The Shelton Intermediate School recently announced the winners who were selected to advance to the next round of its annual Science Fair and Invention Convention in the next couple of months.
Aside from creating impressive Science Fair and Invention Convention submissions, the seven SIS students who will advance to the next round of both individual competitions all have one thing in common.
All of the seven winners from SIS seventh and eighth grade are girls.
Science teacher/curriculum leader at SIS Ernestina Genova said it’s great to see young girls excelling in such a male-dominated field.
“As a female, we’re so underrepresented in this field, so when I noticed that all of our winners were girls it made me very proud and encouraged because it is one of our goals at SIS — to get more young people interested in the field of science,” said Genova.
The seven winners also said the experience has been empowering.
“It’s awesome because we haven’t seen many women that are into science or that are engineers or scientists,” said SIS seventh grader Erienna Pappano, who invented the “Handy Hair Brush” for the 2017 Invention Convention.
The Handy Hair Brush is designed to make styling/maintaining hair as convenient as possible by having a built-in pouch for bobby pins and a clasp that holds 20 or so hair ties.
Pappano said she and the other winners are tweaking their inventions and projects prior to appearing in the next round of competition.
The next round of the Invention Convention will take place at Western Connecticut State University’s Westside Campus in the William O’Neill Athletic and Convocation Center located at 43 Lake Avenue Extension in Danbury on April 1.
The next round of the Science Fair will take place at Quinnipiac University in Hamden from March 14 to 18.
Invention Convention contestants
In addition to Pappano, seventh graders Aja-nei Stinson andKaytie Tanoue both have inventions in this year’s Invention Convention.
Stinson had the idea to create an invention that would address the needs of small dogs while walking in cold weather.
“I walk smaller dogs in my neighborhood, and whenever I walk them and it’s cold outside, they start shivering,” said Stinson. “If you pick them up and put them in your jacket, you look like an absolute weirdo, so I decided to invent something that could help to change that.”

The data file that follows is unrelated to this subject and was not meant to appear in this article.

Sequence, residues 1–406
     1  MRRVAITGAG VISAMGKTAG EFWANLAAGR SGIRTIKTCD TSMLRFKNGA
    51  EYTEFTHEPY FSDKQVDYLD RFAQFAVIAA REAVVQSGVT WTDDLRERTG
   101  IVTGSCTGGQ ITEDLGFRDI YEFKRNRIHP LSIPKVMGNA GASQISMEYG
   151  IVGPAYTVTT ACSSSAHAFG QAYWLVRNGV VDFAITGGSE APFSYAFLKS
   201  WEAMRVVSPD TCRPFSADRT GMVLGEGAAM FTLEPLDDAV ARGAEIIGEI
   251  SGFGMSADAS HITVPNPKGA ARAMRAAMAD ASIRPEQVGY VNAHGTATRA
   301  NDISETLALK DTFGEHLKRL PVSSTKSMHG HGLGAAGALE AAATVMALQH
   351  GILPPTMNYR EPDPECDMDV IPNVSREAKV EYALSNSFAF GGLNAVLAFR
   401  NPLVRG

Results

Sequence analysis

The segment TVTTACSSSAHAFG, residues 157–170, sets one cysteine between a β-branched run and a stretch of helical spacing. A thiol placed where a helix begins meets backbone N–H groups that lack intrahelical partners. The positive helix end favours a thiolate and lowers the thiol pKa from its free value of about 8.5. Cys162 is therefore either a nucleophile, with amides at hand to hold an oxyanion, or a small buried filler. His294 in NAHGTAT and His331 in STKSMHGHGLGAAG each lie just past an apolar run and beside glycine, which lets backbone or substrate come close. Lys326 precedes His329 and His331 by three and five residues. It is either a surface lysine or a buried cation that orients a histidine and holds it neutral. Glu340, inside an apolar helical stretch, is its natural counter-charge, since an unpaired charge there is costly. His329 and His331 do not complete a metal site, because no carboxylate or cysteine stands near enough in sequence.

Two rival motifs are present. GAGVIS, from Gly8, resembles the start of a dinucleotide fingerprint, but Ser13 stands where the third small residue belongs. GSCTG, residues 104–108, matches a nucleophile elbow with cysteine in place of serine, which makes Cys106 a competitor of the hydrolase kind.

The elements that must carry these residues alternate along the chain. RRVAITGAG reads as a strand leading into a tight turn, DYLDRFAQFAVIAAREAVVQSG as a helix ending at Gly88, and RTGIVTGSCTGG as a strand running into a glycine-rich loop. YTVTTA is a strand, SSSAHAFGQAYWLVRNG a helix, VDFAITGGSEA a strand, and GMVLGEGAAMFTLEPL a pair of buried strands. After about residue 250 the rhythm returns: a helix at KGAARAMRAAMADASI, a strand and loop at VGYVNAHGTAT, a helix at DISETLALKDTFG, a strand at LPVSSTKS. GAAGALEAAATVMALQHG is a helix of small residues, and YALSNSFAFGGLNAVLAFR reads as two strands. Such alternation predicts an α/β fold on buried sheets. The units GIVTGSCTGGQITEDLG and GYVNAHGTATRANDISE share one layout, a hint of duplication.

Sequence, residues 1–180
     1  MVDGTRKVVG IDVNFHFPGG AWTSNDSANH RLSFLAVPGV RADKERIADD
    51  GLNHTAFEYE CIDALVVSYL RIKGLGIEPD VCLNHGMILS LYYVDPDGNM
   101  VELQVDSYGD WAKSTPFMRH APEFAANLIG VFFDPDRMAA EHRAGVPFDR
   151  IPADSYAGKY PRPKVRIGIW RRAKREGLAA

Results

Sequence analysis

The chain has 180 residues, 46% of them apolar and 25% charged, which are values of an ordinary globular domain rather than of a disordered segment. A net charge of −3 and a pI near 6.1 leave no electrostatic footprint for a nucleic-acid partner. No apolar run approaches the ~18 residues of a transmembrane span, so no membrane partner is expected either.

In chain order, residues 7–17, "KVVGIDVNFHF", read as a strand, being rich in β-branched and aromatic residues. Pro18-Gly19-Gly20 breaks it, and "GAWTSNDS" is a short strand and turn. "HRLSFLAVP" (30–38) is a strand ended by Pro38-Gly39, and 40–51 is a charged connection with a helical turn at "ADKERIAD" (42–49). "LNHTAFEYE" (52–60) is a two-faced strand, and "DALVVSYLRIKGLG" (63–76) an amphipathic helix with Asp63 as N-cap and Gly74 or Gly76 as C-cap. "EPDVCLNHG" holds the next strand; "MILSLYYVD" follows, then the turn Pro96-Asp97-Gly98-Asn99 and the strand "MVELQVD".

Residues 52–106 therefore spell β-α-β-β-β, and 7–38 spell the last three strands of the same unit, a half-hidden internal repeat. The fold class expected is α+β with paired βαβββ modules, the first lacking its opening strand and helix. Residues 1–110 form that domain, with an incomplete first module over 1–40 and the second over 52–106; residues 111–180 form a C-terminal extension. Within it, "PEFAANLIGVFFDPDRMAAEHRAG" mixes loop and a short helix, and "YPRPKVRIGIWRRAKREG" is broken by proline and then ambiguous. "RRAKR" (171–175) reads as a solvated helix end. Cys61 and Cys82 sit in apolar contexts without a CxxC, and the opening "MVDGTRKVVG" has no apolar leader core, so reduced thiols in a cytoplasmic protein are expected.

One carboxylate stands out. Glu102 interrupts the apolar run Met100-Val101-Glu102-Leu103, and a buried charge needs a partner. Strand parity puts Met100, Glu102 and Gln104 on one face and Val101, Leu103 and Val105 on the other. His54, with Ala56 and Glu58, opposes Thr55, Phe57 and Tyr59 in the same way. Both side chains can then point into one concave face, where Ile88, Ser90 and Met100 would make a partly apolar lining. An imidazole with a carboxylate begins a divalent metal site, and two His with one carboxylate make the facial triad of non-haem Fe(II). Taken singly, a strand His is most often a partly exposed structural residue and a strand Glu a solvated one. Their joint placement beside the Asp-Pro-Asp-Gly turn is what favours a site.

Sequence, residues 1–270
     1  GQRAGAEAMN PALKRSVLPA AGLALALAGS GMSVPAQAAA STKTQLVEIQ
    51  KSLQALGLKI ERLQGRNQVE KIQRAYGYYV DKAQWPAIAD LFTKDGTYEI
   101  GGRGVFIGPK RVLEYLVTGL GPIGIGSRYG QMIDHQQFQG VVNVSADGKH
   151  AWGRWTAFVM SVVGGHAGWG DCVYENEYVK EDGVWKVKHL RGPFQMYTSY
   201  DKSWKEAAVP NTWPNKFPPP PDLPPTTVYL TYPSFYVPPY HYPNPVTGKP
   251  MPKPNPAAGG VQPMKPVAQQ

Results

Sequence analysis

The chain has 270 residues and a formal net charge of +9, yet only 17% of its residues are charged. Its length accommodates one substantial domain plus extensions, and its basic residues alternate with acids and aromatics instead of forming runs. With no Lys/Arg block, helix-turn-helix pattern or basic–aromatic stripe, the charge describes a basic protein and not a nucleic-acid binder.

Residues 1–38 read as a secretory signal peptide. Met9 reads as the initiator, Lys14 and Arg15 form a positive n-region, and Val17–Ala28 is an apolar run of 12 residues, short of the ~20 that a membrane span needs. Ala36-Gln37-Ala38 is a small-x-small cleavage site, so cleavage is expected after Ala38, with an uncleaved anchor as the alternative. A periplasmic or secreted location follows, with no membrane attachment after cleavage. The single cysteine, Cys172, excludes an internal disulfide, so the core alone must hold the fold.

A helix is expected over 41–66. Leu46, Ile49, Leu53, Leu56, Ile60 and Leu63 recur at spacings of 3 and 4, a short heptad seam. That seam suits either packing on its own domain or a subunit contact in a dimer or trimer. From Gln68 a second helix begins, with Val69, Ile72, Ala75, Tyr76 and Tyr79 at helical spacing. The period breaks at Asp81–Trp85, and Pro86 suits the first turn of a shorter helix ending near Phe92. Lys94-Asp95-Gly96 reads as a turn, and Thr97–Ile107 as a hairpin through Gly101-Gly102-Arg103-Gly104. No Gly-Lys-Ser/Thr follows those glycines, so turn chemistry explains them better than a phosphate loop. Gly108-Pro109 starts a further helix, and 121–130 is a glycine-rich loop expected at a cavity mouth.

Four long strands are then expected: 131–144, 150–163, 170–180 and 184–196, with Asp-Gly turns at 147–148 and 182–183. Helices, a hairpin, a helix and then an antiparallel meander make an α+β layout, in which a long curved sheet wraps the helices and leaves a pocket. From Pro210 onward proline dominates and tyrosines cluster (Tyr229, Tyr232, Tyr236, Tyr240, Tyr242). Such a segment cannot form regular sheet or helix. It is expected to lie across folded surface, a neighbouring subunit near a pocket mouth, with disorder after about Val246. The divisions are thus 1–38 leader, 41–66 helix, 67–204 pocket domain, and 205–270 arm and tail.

In an effort to address the inconvenience, Stinson invented the “Doggy Travel Buddy,” which is essentially a heated dog vest.
She, too, said she will be modifying it before the next round of competition.
Tanoue’s invention was meant to help a friend who couldn’t get nail polish off her nails because the acetone in her nail polish remover irritated her fingers. Her friend’s problem led her to create her own rendition of a popular kid’s toy commonly referred to as “slime” that doubled as a form of nail polish remover.
While the normal composition of the toy requires such ingredients as water, glitter, Borax powder, starch, and glue, Tanoue thought to substitute the water for non-acetone nail polish remover.
Science fair contestants
Seventh grader Sophia Gasbarro’s science fair project is called “Sneaker Feature,” and was designed to test whether high or low temperatures affect the amount of compression on the bottom of a sneaker’s padding.
Gasbarro said her project derived from her experience as a cross country runner and that her results supported her hypothesis that lower temperatures would cause more compression on a sneaker’s padding.
She said she hopes her experiment can preserve the life of her favorite running sneakers.
Eighth graders Hailey Lazaro and Cathleen Higgins teamed up for a project called “Teething You the Truth.” The project was designed to test what sugary drink affects tooth enamel the most.
Lazaro and Higgins said that after conducting multiple trials of their experiment, their results led them to conclude that Red Bull damages teeth enamel most. The duo also tested root beer, Gatorade, water, and apple juice.
Eighth grader Jules Cayer designed an experiment that compared how the weather varies across parts of Shelton.
In order to do this she set up two “weather stations,” one in the Long Hill area and the other in White Hills. The weather stations monitored temperature, humidity, and atmospheric pressure over the course of a week and a half.
Cayer’s results showed that it was colder in White Hills by approximately one-third of a degree on average and more humid in the White Hills area by seven-tenths of a percent, and there was more atmospheric pressure in the Long Hill area by 8.3 HPI. HPI is the form of measurement used to measure atmospheric pressure.